Doing your research really does matter  

The work, culture and lifestyle can vary hugely between banks and divisions, so do your research and find where you fit. Start now by looking at our sector pages, and explore company websites. The connect with with alumni and professionals in person and on LinkedIn to find out what it is really like.

There’s no one career path in Investment Banking, so take time to find yours.


What’s new? – Careers Fairs 2017

Whether you have a clear idea of what career you’d like to have, or no idea at all, careers fairs are great way to find out about different options, meet employers, and get the information you need to apply. We’ve got several fairs lined up for the Autumn Term. Read on to find out what to look for in this busy programme.

Careers Fair App

Download the ‘Bristol Uni Careers Fair Plus’ app from the App Store or Google Play to start planning and researching before the fair. Our top tips section is a good place to start. You can also filter and search the attendee list to find the most relevant employers by the types of roles they are advertising and the subjects they target. Highlight these employers on an interactive floorplan and use the links to company websites and social media to find out more about the employers who most interest you.

Confused About Your Career

If you have any general queries or want some advice, ask at the Careers Service ‘Confused About Your Career’ stand. We will be on the landing at the Science, Autumn and Engineering fairs and would love to help you get the most out of the events.

Bristol Opportunities

Opposite ‘Confused About Your Career’ will be the Bristol Opportunities stand. Come and talk to us about city opportunities, graduate vacancies, internships and business start ups. We’ll also be able to offer information and advice on the University of Bristol Internship Scheme.

Grads Love Bristol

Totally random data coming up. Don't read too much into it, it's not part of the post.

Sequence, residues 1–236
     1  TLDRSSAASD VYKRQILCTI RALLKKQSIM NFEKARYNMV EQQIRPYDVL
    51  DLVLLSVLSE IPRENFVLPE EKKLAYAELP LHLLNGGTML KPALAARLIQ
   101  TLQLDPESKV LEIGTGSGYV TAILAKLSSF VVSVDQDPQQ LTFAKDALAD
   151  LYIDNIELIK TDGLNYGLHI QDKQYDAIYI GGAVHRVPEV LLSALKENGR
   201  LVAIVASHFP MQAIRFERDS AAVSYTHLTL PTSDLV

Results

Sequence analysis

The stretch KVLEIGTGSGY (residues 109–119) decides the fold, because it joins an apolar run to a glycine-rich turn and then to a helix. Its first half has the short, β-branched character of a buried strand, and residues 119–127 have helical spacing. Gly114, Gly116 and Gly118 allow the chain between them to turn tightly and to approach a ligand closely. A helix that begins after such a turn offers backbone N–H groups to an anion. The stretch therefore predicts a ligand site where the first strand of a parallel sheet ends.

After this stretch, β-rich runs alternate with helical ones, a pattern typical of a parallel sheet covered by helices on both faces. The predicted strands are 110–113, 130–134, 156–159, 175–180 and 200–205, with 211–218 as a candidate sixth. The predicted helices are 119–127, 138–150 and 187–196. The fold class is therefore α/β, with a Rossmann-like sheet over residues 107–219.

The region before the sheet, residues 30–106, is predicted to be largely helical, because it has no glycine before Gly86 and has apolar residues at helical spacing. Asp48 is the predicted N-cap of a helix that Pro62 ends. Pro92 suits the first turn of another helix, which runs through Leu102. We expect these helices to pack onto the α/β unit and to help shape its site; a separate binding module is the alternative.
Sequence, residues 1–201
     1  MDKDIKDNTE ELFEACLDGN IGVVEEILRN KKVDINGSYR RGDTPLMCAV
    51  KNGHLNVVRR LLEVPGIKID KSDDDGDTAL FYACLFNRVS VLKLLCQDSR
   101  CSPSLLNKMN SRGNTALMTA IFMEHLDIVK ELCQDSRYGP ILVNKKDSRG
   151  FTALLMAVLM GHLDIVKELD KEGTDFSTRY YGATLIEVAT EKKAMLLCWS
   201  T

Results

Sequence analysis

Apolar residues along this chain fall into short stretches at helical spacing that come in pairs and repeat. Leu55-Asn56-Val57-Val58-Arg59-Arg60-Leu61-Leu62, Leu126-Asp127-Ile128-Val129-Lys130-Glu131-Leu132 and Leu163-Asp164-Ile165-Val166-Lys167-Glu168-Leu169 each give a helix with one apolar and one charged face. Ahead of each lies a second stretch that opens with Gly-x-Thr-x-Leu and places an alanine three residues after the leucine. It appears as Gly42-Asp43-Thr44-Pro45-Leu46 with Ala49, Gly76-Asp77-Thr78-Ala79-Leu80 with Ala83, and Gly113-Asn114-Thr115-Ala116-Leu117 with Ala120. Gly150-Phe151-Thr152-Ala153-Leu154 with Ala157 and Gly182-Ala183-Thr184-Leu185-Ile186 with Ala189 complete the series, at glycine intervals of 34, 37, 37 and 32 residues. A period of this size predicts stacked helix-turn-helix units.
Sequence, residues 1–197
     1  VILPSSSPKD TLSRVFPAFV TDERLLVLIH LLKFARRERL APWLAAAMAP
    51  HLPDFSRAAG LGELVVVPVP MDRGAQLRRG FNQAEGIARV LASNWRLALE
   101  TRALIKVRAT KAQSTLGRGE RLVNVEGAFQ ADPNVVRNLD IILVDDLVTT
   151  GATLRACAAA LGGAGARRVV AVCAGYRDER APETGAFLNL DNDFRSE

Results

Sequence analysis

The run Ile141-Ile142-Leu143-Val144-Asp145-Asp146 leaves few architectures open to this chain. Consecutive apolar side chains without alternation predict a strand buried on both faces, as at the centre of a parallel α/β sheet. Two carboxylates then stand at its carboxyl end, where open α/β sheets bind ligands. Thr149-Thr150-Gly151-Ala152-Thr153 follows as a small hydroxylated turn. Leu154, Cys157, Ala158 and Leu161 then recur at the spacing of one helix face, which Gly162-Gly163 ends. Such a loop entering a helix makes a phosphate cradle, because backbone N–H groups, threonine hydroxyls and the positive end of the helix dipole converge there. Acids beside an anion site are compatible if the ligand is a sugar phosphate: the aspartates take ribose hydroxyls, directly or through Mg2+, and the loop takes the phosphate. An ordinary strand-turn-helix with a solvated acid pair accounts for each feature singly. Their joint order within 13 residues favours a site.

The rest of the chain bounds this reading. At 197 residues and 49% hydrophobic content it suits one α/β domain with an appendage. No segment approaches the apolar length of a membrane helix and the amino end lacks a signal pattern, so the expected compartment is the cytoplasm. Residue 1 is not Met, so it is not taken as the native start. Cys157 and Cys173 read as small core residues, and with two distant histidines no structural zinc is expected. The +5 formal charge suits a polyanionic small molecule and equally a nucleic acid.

Love Bristol and want to stay? Come to our new event in Bristol Museum on Monday 30 October to meet a variety of employers, large and small, with opportunities in the city.

Other Events

We have more new events this year including Employers Love Bristol, Public and Third Sector Q&A panels and events especially for International Students. Check the website and mycareer for updates.

Jargon Buster

The terms employers use to talk about their organisation and/or their recruitment process can be confusing. Get prepared for the autumn term employer events and your job applications with our jargon-buster.


Magic circle – Nothing to do with Harry Potter. This is the term sometimes used to describe the top 5 law firms in the UK: Allen & Overy, Clifford Chance, Freshfields Bruckhaus Deringer, Linklaters and Slaughter & May.

Silver circle Similar to the above, a group of top law firms that do not quite rank alongside the magic circle: Herbert Smith Freehills, Ashurst, Berwin Leighton Paisner, Macfarlanes and Travers Smith.

The big 4 – These are the 4 largest professional services networks in the world: Deloitte, PricewaterhouseCoopers, Ernst & Young and KPMG. They offer audit, assurance, taxation, management consulting, advisory, actuarial, corporate finance and legal services.

SMEs – Small or medium-sized enterprises. In the European Union, these are defined as organisations that employ fewer than 250 employees and have an annual turnover of no more than 50 million euros.

Work Experience

Vacation scheme – This is not a holiday! A period of work experience with a law firm, usually running for 1 or 2 weeks.

Internship – These are often paid placements offered by firms who regularly recruit graduates. Most often in the summer, but there are also part-time, term-time and vacation opportunities.

Job Descriptions and Applications

Hidden jobs market – This is a term often used to describe jobs that aren’t advertised. You can tap into this by networking, making use of contacts and writing speculative applications.

Entry level job – A role that requires little prior experience in the field or profession.

Referees – These are the contacts (usually two) you put on CVs or application forms who can be contacted by an employer to verify the information you have provided or to give insight into your personality. The referee should know you well enough to be able to write positively about you.

Transferrable skills – Also known as ‘soft skills’ or ‘portable skills’, these are skills used in one job or career that can also be used in another, rather than relying on direct experience of the industry. For example, leadership, organisation and communication skills.

DOE – Think it’s a female deer? Think again! Abbreviation for ‘dependent on experience’. An employer will offer a salary within a given range but is willing to pay more for a candidate with more experience.

OTE – Abbreviation for on-target earnings. This is an estimate of actual earnings where pay is made up of both base salary and a variable bonus/commission. Particularly found in job descriptions for sales roles.